Reprinted with permission from www.joewoodworker.com.
Part 1: Edge Trimming
You can use any number of methods to prepare the veneers for taping. The method you choose may depend upon factors such as the thickness/quality of the veneer and the size of the seam. For some joints, you can clamp the veneer(s) between two boards and use one of the following tools to trim the edges:
* Router with a flush trimming bit
* Low angle block plane
* Stationary jointer
However, for most seams the best method incorporates the use of a veneer saw. These saws are made for right handed users. Though I am a "lefty," I found little difficulty in using my right hand for the work. You may want to verify that you have the right grind on the saw to make an accurate seam. Click here for more information regarding blade grinds.
Start with two flat pieces of veneer and place a straight edged board (about ¾" thick) along the projected seam line, and lightly saw into the veneer (along the entire length of the seam) until the cut is complete.
Be sure that the straight edge board is on top of the "keeper" side of the veneer. In other words, you are sawing off the waste side. It is imperative that the straightedge be absolutely true. While sawing the veneer, place adequate pressure downward on the straightedge. You should also make certain to hold the saw 90° to the veneer face by keeping it firmly pressed against the straightedge.
It should take several passes of the saw to fully cut through.
The straight edge I am using in this example is a piece of walnut that has been passed across my jointer. It has a nice, clean edge. I placed some 100 grit self adhesive sandpaper on the bottom side of the board to help keep the veneers from shifting while being cut.
You can also use a drafting straight-edge from an art supplier or machine shop. They are expensive but they work very well. In fact, we have received so many comments about them, that we bought several cases of two different Gibraltar Paramount models and are offering them very reasonably at VeneerSupplies.com.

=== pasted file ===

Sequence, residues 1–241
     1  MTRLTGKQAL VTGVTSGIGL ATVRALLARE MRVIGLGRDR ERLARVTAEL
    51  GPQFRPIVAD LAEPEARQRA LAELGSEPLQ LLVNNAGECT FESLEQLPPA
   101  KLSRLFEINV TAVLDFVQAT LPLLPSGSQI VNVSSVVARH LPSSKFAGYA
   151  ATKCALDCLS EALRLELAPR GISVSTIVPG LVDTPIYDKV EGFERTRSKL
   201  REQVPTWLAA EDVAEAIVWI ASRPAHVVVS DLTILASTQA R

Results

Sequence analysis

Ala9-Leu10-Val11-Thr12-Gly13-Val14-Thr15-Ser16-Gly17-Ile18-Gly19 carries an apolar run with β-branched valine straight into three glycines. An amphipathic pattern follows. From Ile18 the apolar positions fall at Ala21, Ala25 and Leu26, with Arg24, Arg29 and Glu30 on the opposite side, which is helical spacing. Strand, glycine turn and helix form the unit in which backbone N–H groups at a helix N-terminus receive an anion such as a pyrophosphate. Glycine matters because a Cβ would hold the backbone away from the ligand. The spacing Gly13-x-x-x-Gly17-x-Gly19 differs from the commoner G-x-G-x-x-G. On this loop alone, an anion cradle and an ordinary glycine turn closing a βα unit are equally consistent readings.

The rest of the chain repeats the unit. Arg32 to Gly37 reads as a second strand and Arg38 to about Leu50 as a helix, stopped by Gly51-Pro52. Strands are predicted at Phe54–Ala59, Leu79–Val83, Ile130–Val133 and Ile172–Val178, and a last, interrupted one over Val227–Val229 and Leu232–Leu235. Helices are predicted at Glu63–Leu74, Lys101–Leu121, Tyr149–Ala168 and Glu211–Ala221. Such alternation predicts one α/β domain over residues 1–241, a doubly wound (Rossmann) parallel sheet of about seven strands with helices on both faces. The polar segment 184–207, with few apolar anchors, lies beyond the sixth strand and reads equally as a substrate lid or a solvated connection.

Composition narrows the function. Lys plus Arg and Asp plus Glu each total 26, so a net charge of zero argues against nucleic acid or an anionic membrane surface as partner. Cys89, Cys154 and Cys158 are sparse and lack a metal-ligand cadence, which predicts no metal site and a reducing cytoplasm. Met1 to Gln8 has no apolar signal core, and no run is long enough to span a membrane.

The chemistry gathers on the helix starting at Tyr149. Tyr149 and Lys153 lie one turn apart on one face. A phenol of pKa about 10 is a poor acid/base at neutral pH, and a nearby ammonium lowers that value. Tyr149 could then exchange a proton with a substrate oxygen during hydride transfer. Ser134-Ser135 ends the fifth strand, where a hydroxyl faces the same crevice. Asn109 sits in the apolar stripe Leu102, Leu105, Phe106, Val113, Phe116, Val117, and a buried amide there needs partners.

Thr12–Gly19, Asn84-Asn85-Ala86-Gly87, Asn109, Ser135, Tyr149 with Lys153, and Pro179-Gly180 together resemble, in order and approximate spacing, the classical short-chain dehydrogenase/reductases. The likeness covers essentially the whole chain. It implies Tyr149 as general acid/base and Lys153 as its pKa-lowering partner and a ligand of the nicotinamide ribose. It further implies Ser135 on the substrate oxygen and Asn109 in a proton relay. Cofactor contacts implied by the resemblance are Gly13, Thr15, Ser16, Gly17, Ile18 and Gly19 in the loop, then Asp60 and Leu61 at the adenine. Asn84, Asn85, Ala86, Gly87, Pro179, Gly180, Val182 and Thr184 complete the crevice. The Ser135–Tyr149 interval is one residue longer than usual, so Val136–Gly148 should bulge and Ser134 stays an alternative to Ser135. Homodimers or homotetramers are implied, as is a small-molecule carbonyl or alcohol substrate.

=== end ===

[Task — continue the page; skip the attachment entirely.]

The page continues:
If you are not sure about your straightedge or the veneer pieces are very large, you can place the two veneers with one slightly overlapping the other (both facing up) and saw a straight line down the middle. Your straightedge will not have to be perfect because you will be sawing reciprocal parts at the same time. Just saw lightly so the keeper piece on the opposite side of the straightedge doesn't tear up. Here is a drawing of this technique:
I use a very high quality veneer saw made by Two Cherries in Germany. These saws are available (pre-sharpened) at VeneerSupplies.com.
Part 2: Seam Taping (How to Apply Veneer Tape)
Veneer tape is required to keep the veneer edges tight while inside the press. The beauty of veneer tape is that as it dries, it shrinks. This shrinking action helps to hold the seam together while in the press. There are a variety of veneer tapes available. Tapes come in various weights and widths. It also comes in a solid and a perforated variety. The solid tape is suitable for thick and unruly veneers that require a bit more strength to maintain a tight joint. The easiest veneer tapes to use are those which are perforated with holes. Three hole tape allows the user to see the seam under the tape which allows for adjusting/tightening of the seam before the tape dries. Additionally, this type of tape is thinner and will not create a thick buildup if multiple pieces of tape are used for making complex joints. And three hole tape can be used on the glue side (as opposed to the face side) of the veneer if necessary.
Ok... let's get taping!
Mark the back side of the veneer as shown in figure 1. There are two markings on each sheet. The first is the blue tape indicating that this is the back of the veneer. The second marking is light chalk indicating the two edges that are to be taped together.